What are the symptoms of ALAS1 deficiency or dysregulation? 08/01/2021

    The symptoms of ALAS1 deficiency or dysregulation can vary depending on the specific underlying condition. However, symptoms may include anemia (low red blood cell count), fatigue, pale skin, shortness of breath, weakness, and other complications related to impaired heme production.

    Can ALAS1 deficiency be treated? 03/26/2021

    Currently, there is no specific cure for ALAS1 deficiency. However, the treatment primarily focuses on managing the symptoms and complications associated with the condition. This may involve blood transfusions to address anemia, iron chelation therapy to reduce iron overload, and supportive care to manage other symptoms. It is important to consult with a healthcare professional for personalized treatment recommendations.

    Can ALAS1 deficiency be detected prenatally? 09/13/2020

    Yes, prenatal diagnosis is possible for ALAS1 deficiency through genetic testing. If there is a known family history of the condition or if both parents are carriers, prenatal testing can be performed using techniques such as chorionic villus sampling (CVS) or amniocentesis to analyze the fetal DNA for ALAS1 gene mutations. However, it is essential to consult with a genetic counselor or healthcare professional to understand the benefits, limitations, and potential risks of prenatal testing.

    How does ALAS1 deficiency lead to X-linked sideroblastic anemia? 12/04/2019

    X-linked sideroblastic anemia is caused by mutations in the ALAS2 gene, which is responsible for expressing a different isoform of 5'-aminolevulinate synthase (ALAS2) in erythroid cells. However, ALAS1 deficiency can also contribute to sideroblastic anemia if it affects heme production in non-erythroid cells.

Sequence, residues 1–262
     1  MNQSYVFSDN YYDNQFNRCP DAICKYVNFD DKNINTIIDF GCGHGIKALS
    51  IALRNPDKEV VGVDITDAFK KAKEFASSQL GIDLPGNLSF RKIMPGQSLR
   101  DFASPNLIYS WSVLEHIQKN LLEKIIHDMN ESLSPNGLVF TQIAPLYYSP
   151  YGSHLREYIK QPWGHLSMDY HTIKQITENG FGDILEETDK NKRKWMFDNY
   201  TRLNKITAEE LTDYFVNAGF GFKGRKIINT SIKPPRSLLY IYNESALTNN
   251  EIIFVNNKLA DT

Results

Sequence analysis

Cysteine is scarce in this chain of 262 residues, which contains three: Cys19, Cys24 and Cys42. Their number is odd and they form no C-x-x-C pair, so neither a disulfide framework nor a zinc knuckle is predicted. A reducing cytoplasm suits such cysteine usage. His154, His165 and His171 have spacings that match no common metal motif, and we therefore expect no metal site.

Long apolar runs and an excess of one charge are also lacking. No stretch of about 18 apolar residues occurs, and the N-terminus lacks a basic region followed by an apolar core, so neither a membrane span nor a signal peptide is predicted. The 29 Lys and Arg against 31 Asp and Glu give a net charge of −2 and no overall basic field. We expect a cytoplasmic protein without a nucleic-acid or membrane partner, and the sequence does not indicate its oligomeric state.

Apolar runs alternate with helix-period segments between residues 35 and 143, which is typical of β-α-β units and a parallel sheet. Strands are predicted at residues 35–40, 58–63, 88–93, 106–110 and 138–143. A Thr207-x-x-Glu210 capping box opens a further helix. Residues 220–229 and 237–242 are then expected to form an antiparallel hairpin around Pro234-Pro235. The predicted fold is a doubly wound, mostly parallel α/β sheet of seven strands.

Can ALAS1 deficiency be prevented? 04/26/2019

    Since ALAS1 deficiency is a genetic disorder, it cannot be entirely prevented. However, genetic counseling and carrier testing can be helpful for individuals with a family history of ALAS1 deficiency. Identifying carriers can provide information about the risk of passing the condition on to future generations and aid in making informed reproductive decisions.

    Is ALAS1 deficiency a genetic disorder? 04/13/2019

    Yes, ALAS1 deficiency is considered a genetic disorder. It is caused by mutations in the ALAS1 gene, which can result in reduced or impaired activity of the ALAS1 enzyme. ALAS1 deficiency follows an autosomal recessive inheritance pattern, which means that both copies of the ALAS1 gene must carry mutations for the condition to manifest.

    How is ALAS1 deficiency diagnosed? 02/01/2019

    ALAS1 deficiency is diagnosed through a combination of clinical evaluation, genetic testing, and laboratory tests. The initial step usually involves assessing a person's symptoms, medical history, and family history. Genetic testing is then performed to identify any mutations in the ALAS1 gene.

    How rare is ALAS1 deficiency? 12/22/2018

    ALAS1 deficiency is an extremely rare disorder. The exact prevalence of the condition is unknown, but it is estimated that only a few dozen cases have been reported in the medical literature. The rarity of ALAS1 deficiency makes it challenging to diagnose and treat, as there is limited awareness and understanding of the condition.

    Can ALAS1 deficiency be prevented? 12/12/2018

    Since ALAS1 deficiency is a genetic condition, it cannot be prevented if both parents are carriers of the mutated gene. However, genetic counseling and testing can help identify carriers and assist individuals and families in making informed decisions about family planning. This can include options such as preimplantation genetic diagnosis (PGD) or prenatal testing to assess the risk of passing on the condition to future children.